NEW YORK (TheStreet) – Could some of you at least pretend you care about saving for retirement? The alternative would be just too depressing to consider, if it wasn't already so frightening.
According to a recent study by financial services firm Edward Jones, almost half (45%) of non-retired Americans are not saving for retirement. Of those who are not yet saving, only 36% percent plan to and almost 10% say they never plan on saving for retirement. Meanwhile, the folks at Voya Financial found that 74% of Americans have never calculated their monthly retirement income needs.
That isn't exactly great news when, according to Voya, six out of 10 retirees say their retirement was somewhat or very unexpected. It's even worse when 51% of retirees have never tried to determine if their current savings will be enough to last through retirement. While 39% assume what they have will not last 20 years, 13% of current retirees flat-out don’t know how much savings they have in the bank.
"When it comes to retirement savings, there’s a big difference between planning to save and actually doing so," said Scott Thoma, principal and investment strategist for Edward Jones. "While intentions to save for retirement are legitimate, individuals tend to satisfy more immediate, short-term spending goals and push off their long-term saving goals.”
So what does that procrastination mean for your retirement plans, you ask? Well, a survey by Franklin Templeton Investments found that 55% percent of Americans are considering working during their retirement, and not simply out of necessity, while 30% of those ages 18 to 24 plan never to retire. The majority, 61% of survey respondents, said that if they didn't have the money to retire they'd put off retirement until they did. A full 74% of those between 18 and 24 would just keep working.
Overall, 28% of adults think a job will be their primary source of income during retirement.
“Conventional thinking and attitudes about what it means to retire are changing,” says Michael Doshier, vice president of retirement marketing for Franklin Templeton Investments. “By taking action now — via saving and planning for retirement — individuals can help ensure that they're able to embrace this next phase of life. They can also reduce the stress increasingly associated with not having enough money to retire.”
That stress can be considerable. According to Franklin Templeton, 67% percent of Americans experience some level of retirement stress. Within 15 years of retirement, that percentage peaks at 76% of all workers. They're stressed primarily about running out of money (27%) and health and medical issues (27%), with older workers concerned more with the latter than the former.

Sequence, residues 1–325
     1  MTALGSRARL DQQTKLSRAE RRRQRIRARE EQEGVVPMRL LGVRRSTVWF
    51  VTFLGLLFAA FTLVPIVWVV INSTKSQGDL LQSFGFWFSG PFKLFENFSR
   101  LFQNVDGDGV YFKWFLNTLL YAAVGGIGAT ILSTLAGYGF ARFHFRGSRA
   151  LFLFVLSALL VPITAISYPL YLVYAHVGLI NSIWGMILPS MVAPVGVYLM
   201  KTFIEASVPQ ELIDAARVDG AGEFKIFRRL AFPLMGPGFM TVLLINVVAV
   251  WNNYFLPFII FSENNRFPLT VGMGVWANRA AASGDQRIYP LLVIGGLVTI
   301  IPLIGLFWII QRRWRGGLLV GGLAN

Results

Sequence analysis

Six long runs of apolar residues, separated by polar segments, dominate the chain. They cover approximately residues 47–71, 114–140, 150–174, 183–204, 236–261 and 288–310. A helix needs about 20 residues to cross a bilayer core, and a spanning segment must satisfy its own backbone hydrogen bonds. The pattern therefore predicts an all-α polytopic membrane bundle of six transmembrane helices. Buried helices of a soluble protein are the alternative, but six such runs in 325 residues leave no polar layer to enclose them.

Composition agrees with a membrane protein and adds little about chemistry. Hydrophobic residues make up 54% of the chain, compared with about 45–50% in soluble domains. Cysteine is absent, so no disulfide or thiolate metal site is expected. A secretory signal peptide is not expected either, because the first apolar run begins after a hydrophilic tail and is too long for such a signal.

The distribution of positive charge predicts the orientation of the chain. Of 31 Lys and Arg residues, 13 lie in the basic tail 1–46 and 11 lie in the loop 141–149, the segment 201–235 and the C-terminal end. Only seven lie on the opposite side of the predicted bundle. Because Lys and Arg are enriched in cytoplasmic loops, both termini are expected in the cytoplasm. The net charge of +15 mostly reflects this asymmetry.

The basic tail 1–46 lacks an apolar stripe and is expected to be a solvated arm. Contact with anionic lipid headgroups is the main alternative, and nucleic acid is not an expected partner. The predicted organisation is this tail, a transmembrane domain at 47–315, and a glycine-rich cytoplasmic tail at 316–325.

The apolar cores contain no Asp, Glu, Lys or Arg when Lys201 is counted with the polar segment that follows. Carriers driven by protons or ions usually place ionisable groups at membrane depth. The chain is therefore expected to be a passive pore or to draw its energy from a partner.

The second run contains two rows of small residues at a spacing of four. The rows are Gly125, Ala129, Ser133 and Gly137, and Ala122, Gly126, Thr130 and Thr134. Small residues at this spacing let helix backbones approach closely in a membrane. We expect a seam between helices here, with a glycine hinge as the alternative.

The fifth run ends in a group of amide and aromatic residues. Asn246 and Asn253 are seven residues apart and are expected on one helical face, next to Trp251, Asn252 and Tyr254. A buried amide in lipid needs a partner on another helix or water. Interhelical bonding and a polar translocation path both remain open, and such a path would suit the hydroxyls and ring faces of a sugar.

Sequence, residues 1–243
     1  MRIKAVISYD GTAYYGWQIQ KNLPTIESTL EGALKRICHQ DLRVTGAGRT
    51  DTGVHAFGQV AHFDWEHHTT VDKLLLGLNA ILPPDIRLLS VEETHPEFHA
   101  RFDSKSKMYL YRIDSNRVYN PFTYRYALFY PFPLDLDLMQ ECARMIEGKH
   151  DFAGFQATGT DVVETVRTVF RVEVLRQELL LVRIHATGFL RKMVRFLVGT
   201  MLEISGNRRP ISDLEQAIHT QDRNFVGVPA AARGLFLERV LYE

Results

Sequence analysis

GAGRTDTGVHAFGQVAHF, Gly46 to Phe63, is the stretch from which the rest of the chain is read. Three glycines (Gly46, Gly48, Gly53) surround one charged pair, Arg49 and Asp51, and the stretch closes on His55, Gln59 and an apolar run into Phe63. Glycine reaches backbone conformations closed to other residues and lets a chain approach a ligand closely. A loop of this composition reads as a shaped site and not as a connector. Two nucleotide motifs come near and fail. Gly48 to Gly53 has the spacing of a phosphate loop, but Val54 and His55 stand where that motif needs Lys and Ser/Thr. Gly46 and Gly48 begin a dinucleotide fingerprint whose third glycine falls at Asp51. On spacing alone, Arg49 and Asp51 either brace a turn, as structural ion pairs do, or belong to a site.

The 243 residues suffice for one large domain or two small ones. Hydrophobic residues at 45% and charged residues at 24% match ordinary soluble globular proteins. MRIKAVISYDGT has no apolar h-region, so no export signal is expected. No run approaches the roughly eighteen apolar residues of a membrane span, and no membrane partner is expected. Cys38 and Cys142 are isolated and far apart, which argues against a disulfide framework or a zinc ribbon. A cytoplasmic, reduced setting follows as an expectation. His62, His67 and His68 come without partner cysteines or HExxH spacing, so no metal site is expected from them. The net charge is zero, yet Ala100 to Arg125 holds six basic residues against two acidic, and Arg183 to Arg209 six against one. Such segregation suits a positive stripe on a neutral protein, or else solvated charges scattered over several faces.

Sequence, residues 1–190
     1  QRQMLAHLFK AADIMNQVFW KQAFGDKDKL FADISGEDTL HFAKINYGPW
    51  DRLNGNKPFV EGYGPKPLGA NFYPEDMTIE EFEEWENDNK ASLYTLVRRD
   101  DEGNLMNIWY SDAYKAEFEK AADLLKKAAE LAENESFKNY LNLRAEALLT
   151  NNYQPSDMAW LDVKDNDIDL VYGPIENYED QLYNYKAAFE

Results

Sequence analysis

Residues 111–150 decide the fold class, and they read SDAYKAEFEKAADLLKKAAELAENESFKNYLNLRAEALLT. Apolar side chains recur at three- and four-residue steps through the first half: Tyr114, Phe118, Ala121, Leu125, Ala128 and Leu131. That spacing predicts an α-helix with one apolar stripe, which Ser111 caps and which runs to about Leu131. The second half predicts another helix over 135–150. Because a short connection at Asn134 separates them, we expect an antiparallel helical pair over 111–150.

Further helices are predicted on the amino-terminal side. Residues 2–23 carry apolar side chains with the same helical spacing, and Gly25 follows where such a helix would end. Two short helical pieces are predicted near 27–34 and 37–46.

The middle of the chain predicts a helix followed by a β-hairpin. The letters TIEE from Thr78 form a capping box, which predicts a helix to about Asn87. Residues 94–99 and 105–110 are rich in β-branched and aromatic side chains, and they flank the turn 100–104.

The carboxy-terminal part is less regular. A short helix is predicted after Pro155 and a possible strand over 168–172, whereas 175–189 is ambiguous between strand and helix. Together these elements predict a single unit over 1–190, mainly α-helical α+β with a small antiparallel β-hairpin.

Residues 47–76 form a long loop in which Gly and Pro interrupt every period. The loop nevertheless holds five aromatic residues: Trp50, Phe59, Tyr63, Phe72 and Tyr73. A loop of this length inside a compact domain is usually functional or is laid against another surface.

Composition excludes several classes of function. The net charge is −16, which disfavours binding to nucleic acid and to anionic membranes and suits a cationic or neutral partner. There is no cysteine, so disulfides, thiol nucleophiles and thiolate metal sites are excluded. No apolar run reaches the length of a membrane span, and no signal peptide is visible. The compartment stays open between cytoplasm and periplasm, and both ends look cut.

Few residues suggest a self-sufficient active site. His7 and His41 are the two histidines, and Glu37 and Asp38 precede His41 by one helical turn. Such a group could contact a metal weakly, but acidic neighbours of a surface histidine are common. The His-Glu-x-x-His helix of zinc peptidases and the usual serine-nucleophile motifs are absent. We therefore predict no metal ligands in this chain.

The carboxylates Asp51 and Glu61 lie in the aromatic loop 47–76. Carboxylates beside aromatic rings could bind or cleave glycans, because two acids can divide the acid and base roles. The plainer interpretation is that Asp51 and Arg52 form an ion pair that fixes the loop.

Much of that stress is unnecessary, though, considering that most workers know exactly how to reduce their retirement fears. Voya Financial's survey found that only 17% of workers and 26% of retirees had a written financial plan and only 31% of workers and 35% of retirees had a comprehensive budget. Yet when asked if calculating the exact amount of future monthly income and their savings would help put them at ease, 83% of workers and 76% of retirees said yes.
“We know this disconnect between what people say could help improve their financial security and what they actually do is caused by a number of factors, including inertia, anxiety, competing financial priorities and the fact that many view retirement as a distant concern,” says James Nichols, head of retirement income and advice strategy for Voya Financial.
Basically, they need to get moving. Edward Jones found that 90% of its study's youngest respondents plan to or began saving in their 30s or earlier. But when looking at respondents ages 35 to 44, 64% percent actually began saving in their 30s or earlier. And just 22% percent of overall respondents indicated that they plan to or actually began saving between the ages of 40 and 50.
Don't think kids will motivate you to start socking cash away, either. Only 39% percent of respondents in single-person households indicated that they are not saving, compared with 51% percent of those with a household of three or more. Similarly, 58% percent of those with no children have already started saving, while 49% any children indicated the same.
"Parents are recognizing the need to save earlier in order to account for additional costs, like education," says Edward Jones' Thoma. "We cannot emphasize enough the importance of saving for retirement early and often – it leads to higher future income in retirement, with less stress and uncertainty while working to achieve those goals.”
— Written by Jason Notte in Portland, Ore.
To follow the writer on Twitter, go to http://twitter.com/notteham.